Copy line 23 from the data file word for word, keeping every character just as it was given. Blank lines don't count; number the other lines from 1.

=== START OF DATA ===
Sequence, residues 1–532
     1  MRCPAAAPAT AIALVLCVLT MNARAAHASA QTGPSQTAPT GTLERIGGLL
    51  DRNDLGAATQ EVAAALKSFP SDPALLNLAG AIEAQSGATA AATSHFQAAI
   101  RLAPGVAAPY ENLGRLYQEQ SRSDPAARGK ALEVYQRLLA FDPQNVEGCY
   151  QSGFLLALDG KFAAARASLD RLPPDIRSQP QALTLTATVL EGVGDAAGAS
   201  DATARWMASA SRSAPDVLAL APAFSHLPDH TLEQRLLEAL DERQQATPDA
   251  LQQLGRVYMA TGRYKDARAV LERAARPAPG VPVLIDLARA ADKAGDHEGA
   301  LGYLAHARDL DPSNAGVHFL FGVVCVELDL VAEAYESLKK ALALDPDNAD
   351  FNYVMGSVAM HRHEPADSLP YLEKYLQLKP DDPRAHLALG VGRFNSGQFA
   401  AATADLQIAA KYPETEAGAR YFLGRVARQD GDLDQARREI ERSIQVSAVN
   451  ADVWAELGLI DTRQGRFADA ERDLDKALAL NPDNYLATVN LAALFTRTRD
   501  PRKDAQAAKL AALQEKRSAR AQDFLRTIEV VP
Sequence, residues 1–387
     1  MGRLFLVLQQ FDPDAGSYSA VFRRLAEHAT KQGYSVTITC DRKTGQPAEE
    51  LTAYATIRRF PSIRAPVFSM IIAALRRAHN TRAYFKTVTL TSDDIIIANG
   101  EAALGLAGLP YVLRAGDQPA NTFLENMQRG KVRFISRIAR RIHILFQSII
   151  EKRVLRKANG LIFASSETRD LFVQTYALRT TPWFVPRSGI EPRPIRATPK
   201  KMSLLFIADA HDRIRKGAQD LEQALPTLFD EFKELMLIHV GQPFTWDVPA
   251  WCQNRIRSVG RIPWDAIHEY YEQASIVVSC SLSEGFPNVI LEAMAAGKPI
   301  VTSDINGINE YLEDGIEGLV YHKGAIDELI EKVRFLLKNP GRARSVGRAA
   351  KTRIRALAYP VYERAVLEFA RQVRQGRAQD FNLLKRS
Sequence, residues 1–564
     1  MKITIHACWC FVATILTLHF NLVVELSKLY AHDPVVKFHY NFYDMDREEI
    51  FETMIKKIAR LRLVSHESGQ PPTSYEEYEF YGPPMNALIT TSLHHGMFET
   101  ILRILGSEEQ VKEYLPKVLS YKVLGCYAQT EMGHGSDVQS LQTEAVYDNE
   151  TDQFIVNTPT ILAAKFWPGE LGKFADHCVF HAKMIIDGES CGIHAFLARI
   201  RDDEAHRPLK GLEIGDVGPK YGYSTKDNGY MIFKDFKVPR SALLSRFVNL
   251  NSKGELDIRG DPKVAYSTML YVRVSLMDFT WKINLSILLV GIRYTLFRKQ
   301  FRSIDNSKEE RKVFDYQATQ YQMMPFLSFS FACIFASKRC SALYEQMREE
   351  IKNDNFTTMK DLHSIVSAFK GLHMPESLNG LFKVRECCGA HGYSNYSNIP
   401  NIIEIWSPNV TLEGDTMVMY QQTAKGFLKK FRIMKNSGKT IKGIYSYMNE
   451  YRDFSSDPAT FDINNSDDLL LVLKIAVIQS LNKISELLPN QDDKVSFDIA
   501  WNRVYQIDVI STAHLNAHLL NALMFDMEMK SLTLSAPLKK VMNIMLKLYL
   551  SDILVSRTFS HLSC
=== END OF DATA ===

     1  MKITIHACWC FVATILTLHF NLVVELSKLY AHDPVVKFHY NFYDMDREEI